by Gray Rohrer | Orlando Sentinel
TALLAHASSEE – Vehicle fees and minimum fare rates imposed in Orlando recently on cell phone app companies like Uber and Lyft that connect riders with drivers could be eliminated in a bill gaining momentum in the Legislature.
The House version of the bill cleared its final committee Thursday and is headed for a floor vote. Florida League of Cities lobbyist Megan Samples said local governments were better situated to set regulations on the new companies.
“We feel permitting and licensing is best handled at the local level as this is how we know who’s operating in our area,” Samples said.
Different Senate bills include insurance and background check requirements but don’t eliminate local regulations. But supporters of the House bill said a statewide structure makes sense.
“I think there’s just way too many logistical issues to not have preemption in here,” said Rep. Blaise Ingoglia, R-Spring Hill, and chairman of the Republican Party of Florida.
Orlando’s minimum $2.40 fare per ride and $250 vehicle permit fee took effect Feb. 1. Fare rates can fluctuate for Uber during peak or low volume demand.
Taxicab company representatives derided the bill, which sets $1 million insurance requirements for contract drivers and imposes vehicle inspection and background checks for the app companies, as unfair and unworkable.
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by Sascha Cordner | WFSU
The newly appointed head of Florida’s juvenile justice system breezed through her recent initial confirmation hearing in the Senate.
At her three minute confirmation hearing in the Senate Criminal Justice Committee, Florida Department of Juvenile Justice Secretary Christy Daly started off by thanking the panel members.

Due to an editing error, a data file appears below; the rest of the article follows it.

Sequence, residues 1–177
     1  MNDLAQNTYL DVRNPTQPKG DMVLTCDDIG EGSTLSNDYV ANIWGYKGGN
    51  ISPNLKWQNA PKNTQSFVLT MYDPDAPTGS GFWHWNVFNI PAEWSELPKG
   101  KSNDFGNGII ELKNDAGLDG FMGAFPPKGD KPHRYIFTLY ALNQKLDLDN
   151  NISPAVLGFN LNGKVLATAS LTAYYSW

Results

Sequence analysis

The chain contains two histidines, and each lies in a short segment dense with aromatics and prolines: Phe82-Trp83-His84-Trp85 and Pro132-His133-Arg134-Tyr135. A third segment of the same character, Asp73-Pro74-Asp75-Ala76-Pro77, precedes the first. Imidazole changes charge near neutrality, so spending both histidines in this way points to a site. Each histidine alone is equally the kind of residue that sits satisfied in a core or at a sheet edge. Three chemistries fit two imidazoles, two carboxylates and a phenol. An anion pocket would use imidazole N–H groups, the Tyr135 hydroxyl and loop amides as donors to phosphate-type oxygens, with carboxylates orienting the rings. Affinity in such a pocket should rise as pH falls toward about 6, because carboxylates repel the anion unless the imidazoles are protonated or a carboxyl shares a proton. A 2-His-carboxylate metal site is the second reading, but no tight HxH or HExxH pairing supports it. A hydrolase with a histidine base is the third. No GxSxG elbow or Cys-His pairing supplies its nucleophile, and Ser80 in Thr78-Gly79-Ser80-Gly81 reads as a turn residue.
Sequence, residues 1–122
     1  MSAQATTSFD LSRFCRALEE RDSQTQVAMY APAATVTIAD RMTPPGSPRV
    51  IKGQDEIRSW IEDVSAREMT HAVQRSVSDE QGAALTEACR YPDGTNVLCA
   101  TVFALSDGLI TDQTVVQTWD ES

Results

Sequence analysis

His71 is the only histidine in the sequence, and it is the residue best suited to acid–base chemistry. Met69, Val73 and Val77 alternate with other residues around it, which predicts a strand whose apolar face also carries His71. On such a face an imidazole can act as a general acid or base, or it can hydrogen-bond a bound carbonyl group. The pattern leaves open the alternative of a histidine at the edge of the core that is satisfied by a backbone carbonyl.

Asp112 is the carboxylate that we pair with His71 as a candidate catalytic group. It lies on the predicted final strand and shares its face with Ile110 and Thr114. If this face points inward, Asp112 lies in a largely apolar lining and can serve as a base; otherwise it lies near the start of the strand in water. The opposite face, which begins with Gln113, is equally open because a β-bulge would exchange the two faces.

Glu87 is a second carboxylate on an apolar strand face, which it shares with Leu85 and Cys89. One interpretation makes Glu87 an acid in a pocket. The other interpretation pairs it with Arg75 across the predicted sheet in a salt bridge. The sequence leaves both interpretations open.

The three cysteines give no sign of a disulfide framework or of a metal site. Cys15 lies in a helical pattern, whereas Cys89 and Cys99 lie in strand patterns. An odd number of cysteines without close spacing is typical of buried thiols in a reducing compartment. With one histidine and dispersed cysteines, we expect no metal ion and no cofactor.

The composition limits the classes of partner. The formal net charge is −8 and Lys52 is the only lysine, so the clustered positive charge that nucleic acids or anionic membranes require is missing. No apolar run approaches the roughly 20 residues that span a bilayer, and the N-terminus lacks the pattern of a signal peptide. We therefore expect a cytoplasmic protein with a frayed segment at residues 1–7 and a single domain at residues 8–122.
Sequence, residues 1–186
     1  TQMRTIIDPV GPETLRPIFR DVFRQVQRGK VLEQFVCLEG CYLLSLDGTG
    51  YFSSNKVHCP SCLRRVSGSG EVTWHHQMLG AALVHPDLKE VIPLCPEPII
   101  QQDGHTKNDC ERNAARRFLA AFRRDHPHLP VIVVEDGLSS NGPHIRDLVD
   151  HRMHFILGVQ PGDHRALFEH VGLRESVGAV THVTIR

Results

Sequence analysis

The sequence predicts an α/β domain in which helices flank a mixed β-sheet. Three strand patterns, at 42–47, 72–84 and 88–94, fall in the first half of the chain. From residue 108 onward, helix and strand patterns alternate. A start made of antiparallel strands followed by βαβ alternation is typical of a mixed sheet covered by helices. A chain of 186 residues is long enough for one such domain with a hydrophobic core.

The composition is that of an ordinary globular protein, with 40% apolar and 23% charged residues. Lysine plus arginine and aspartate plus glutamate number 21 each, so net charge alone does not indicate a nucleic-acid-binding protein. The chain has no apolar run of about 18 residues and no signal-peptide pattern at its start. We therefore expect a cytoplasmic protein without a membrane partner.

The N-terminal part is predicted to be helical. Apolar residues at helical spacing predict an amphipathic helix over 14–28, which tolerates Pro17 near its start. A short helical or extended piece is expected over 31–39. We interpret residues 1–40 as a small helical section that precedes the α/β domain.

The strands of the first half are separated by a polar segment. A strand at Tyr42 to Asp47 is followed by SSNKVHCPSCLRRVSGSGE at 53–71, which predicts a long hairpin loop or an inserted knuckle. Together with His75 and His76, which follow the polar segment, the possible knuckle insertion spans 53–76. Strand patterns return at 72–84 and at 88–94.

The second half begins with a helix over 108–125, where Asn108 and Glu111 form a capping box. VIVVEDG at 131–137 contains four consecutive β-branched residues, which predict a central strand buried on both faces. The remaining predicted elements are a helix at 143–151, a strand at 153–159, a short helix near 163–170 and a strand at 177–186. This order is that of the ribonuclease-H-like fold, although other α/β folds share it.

“I appreciate the opportunity today to be considered today for my appointment, and I do thank each one of you for taking the time over the last few weeks to meet with me individually. I would also like to thank Governor Rick Scott for entrusting me with the role to serve as the Department of Juvenile Justice Secretary.”
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by News Service of Florida
TALLAHASSEE -- Gov. Rick Scott's "Let's Get to Work" political committee has raised more than $700,000 this month as it has sought to highlight the governor's record, according to a list of contributions on the committee's website.
The contributions, totaling $710,000, included $250,000 from the Florida Chamber of Commerce PAC and the chamber's Florida Jobs PAC.
Also, the Scott committee received $100,000 from the Voice of Florida Business Political Action Committee and Floridians for A Stronger Democracy, which are linked to Associated Industries of Florida. Other contributions included $25,000 from the Florida Restaurant and Lodging Association PAC and $20,000 from The Villages development in Central Florida, according to the website.